Samantha Liu carries a Torah scroll at her recent bat mitzvah at Peninsula Temple Beth El in San Mateo. Starting Nov. 1, the synagogue is no longer requiring masks at services. (Photo/Courtesy PTBE)
Samantha Liu carries a Torah scroll at her recent bat mitzvah at Peninsula Temple Beth El in San Mateo. Starting Nov. 1, the synagogue is no longer requiring masks at services. (Photo/Courtesy PTBE)

With Covid protocols relaxed, masks come off at more synagogues — but some still say it’s premature

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Hundreds of worshippers filled the sanctuary for Yom Kippur services at Peninsula Temple Beth El in San Mateo, all of them masked. It had been the policy ever since in-person services resumed in June 2021.

But now things are changing. As of Nov. 1, the Reform synagogue is no longer requiring masks.

It’s a decision many synagogues around the Bay Area have moved toward in recent weeks, now that Rosh Hashanah and Yom Kippur — the highest-attended services of the year — are behind them.

Rabbi Lisa Kingston
Rabbi Lisa Kingston

“People [were] feeling as if wearing a mask was really inhibiting their feelings of why you would come to be with other people, and to see other people, and really get to experience community,” said Rabbi Lisa Kingston, senior rabbi at Peninsula Temple Beth El.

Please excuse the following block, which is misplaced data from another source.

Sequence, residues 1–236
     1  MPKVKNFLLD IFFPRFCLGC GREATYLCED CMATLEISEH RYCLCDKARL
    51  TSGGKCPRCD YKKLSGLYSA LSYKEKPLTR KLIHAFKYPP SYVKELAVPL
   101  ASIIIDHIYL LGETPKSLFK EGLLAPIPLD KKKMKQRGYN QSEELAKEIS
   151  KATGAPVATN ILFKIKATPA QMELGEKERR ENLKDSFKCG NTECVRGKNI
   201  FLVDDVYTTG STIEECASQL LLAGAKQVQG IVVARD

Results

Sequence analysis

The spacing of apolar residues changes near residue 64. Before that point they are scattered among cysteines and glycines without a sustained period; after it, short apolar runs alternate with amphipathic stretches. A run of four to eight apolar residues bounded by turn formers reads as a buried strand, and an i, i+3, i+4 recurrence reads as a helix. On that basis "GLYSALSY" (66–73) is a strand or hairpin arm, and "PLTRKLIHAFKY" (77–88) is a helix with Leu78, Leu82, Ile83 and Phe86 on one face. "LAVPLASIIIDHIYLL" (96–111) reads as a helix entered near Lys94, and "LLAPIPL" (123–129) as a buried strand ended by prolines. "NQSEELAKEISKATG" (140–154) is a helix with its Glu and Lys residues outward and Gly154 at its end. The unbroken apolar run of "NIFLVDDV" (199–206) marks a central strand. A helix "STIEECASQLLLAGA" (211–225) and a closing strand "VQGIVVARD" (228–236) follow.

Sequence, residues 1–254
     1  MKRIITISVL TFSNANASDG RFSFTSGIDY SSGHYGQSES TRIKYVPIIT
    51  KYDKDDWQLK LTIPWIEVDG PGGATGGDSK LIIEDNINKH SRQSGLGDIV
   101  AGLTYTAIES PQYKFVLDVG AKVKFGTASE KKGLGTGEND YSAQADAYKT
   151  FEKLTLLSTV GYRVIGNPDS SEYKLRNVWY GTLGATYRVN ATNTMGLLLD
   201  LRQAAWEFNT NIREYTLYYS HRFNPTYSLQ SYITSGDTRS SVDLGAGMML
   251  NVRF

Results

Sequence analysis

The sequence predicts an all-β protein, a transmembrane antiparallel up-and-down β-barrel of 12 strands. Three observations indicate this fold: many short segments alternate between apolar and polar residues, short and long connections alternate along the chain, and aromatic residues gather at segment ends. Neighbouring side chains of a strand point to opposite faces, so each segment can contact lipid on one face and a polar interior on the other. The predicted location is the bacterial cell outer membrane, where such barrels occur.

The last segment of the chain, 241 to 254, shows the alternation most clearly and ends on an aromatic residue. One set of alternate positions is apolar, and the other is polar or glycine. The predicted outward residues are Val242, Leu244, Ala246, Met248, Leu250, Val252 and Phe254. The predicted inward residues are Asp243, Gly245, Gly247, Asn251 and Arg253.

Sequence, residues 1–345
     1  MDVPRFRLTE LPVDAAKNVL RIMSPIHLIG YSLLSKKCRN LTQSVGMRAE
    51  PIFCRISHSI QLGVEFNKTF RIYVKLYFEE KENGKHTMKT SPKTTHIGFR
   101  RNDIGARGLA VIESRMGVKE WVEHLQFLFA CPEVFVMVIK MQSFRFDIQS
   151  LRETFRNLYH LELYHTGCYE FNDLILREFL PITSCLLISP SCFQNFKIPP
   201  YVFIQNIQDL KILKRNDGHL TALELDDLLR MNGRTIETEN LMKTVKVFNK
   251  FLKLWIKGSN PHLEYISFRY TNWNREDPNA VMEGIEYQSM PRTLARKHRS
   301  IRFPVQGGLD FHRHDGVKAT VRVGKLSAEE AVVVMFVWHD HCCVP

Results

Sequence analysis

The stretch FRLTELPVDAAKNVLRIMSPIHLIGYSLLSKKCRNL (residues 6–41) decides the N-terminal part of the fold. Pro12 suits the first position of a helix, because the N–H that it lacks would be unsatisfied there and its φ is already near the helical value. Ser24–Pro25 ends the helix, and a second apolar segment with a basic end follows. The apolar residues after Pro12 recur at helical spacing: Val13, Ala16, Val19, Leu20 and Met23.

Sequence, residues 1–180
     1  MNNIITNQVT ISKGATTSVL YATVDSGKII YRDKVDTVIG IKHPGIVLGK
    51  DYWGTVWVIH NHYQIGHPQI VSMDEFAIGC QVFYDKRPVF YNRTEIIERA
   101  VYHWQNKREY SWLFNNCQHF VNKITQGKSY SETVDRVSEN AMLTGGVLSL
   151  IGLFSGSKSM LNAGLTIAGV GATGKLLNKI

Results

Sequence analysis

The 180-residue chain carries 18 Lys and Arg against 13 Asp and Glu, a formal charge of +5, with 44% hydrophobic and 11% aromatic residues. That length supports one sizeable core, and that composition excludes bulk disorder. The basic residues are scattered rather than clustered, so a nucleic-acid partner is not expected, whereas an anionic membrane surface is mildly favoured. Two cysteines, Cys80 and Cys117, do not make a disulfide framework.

She added that PTBE’s leaders and reopening task force — made up of members who work in fields such as medicine, law and state government — weighed the decision to make masks optional with the Jewish value of pikuach nefesh in mind. Pikuach nefesh prioritizes saving a human life over any mitzvah.

“I don’t know how our community as a whole is going to respond,” Kingston said. “I know that there are some loud voices on both sides of the masking or unmasking argument that really want things to stay a certain way, or be a certain way.”

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All PTBE services remain accessible over Zoom for those who’d prefer not to attend in person.

Recent public health figures showed San Mateo County with 15 active Covid cases requiring hospitalization, occupying 2.6% of the county’s hospital beds; in the past 30 days, according to New York Times statistics, there were seven deaths in the county due to Covid-19. In August, the county moved into the safe “green zone,” due to consistently low transmission and hospitalization rates.

“Covid doesn’t seem, for the majority of the population, like it will be a death sentence,” Kingston said. “That is so hard to say, because we don’t want anyone to be sick or put anyone at risk.” Early in the pandemic, she added, “we felt responsible for whether or not we were going to be really causing harm,” but now the concern is “we’re really trying to reduce the spread of the virus.”

At Congregation Beth Sholom in San Francisco, anyone attending in-person services before the High Holidays had to attest to being fully vaccinated or having a recent negative Covid-19 test. Also, everyone was required to wear a mask indoors. As of Oct. 27, the masking requirement was dropped, but the attestations remain in place.

Vered Cohen
Vered Cohen